An embodiment of the present invention comprises an aqueous-based spotting fluid concentrate which is nontoxic to marine life, and absent any oil components, is acceptable to water environments, particularly the coastal waters around off-shore drilling operations. In another embodiment, a spotting fluid pill prepared therefrom enhances the lubricity of drilling fluids and effectively frees stuck drill string. Furthermore, the present invention is easy to prepare and cost effective to use.
In particular, the preferred embodiment of the present invention comprises a water solution of a glycerophosphoric acid ester and a diacetyltartaric acid ester of mono and/or diglycerides to obtain a general purpose spotting fluid concentrate. To this concentrate there may be added, a viscosifier, a sealant and a weighting agent in order to design a pill specifically conditioned to the drilling operation at hand.
The first component of the present invention is glycerophosphoric acid ester which may be prepared, for example, as the reaction product of glycerin and phosphoric acid. Glycerophosphoric acid ester constitutes a mud cake dehydrating agent and is the primary component responsible for reducing the adhesion of a mud cake upon the frozen drill string. Glycerophosphoric acid ester typically comprises from about 1 to about 60 percent by weight of the concentrate preferably from about 10 to about 32 percent by weight of the concentrate and optimally from about 18.5 to about 24.5 percent by weight of the concentrate composition of the present invention.
A second component of the concentrate is a reaction product of (a) a mono and/or diglyceride with (b) a polyacyloxy polycarboxylic acid. The mono and/or diglyceride is generally an ester of a fatty acid of up to about 32 carbon atoms with glycerol. The polyacyloxy polycarboxylic acid reactant comprises at least diacyloxy and dicarboxylic acid functionality along a hydrocarbon backbone of from 4 to about 18 carbon atoms, preferably from 4 to about 6 carbon atoms. Each acyloxy radical generally comprises up to about 16 carbon atoms, preferably up to about 10 carbon atoms, and more preferably up to about 6 carbon atoms. Acyloxy functional groups may be the same or different along the hydrocarbon backbone. An especially preferred polyacyloxy polycarboxylic acid is diacetyltartaric acid. The diacetyltartaric acid, for example, reacts with a remaining hydroxy group on the mono and/or diglyceride in a condensation reaction. The reaction product of diacetyltartaric acid with a mono and/or diglyceride (DATEM) is a preferred compound. DATEM is commercially available, for example, from Grinsted Products, Inc. or Grinsted AG under the tradename PANODAN SD or PANODAN TR. DATEM is a primary lubricating ingredient in the concentrate reducing friction and adhesive tendencies between the drill string and a wellbore or steel casing.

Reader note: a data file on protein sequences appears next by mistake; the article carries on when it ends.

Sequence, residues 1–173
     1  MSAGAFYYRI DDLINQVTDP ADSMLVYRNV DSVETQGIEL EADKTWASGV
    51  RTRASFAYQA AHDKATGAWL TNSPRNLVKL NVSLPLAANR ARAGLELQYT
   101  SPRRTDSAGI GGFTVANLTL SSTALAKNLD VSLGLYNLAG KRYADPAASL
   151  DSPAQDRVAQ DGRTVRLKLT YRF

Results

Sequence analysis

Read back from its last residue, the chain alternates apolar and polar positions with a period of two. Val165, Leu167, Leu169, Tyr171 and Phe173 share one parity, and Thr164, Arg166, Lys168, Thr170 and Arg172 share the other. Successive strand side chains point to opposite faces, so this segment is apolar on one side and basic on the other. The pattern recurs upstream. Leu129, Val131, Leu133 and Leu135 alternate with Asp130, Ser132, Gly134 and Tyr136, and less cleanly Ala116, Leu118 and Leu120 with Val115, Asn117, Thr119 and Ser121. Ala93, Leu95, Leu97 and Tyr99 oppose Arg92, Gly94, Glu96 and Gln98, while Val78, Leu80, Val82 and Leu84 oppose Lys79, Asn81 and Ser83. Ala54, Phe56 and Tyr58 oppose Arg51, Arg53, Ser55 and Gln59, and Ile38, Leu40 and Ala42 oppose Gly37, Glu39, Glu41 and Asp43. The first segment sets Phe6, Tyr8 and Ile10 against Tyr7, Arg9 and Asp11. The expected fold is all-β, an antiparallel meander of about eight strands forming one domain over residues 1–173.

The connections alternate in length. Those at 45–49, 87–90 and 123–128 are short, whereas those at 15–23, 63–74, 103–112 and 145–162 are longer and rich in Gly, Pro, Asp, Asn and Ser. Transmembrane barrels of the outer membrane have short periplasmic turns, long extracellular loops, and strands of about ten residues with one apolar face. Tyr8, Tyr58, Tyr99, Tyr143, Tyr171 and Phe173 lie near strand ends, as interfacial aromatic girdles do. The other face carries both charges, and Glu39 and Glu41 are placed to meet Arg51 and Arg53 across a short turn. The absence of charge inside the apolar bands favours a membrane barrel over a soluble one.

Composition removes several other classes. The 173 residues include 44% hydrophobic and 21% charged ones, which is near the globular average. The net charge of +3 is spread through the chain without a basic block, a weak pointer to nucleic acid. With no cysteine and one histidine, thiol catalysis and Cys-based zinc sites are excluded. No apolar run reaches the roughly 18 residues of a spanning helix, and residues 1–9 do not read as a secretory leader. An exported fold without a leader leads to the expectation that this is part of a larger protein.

DATEM typically comprises from 0 to about 25 percent by weight of the concentrate composition, preferably from about 0.5 to about 20 percent by weight and optimally from about 0.8 to about 3.5 percent by weight of the concentrate composition of the present invention.
Additional components may include viscosifying and sealing agents as well as minor quantities of other additives having different purposes such as balancing pH, thinning, defoaming and the like. These components are well known in the arts.
The purpose of the viscosifying agent is to enable a solid weighting material to be suspended in the spotting fluid mixture. Suitable viscosifying agents include marine plant gum, terrestrial plant gum, microbial polysaccharide gum and other polysaccharide gum derivatives. Viscosifying agents are available under the trade names KELCO XC, XCD, XANVIS, BIOZAN, and the like. The viscosifying agent typically comprises from 0 to about 8 percent by weight of the concentrate, preferably from about 0.1 to about 5 percent by weight and optimally from about 0. percent by weight of the spotting fluid concentrate.
The addition of a sealing agent may be made in order to provide a solid particle barrier to transference of fluids from the wellbore into a permeable low pressure formation. Such loss of fluids and wellbore pressure may cause a sticking situation. Examples of sealing agents include gilsonite, water dispersible asphalt, calcium carbonate, vegetable fiber and the like. The sealing agent typically comprises from 0 to about 10 percent by weight of the concentrate, preferably from about 2 to about 8 percent by weight and optimally from about 4 to about 7 percent by weight of the concentrate.
The remainder of the spotting fluid concentrate comprises a diluent which is preferably fresh water or sea water.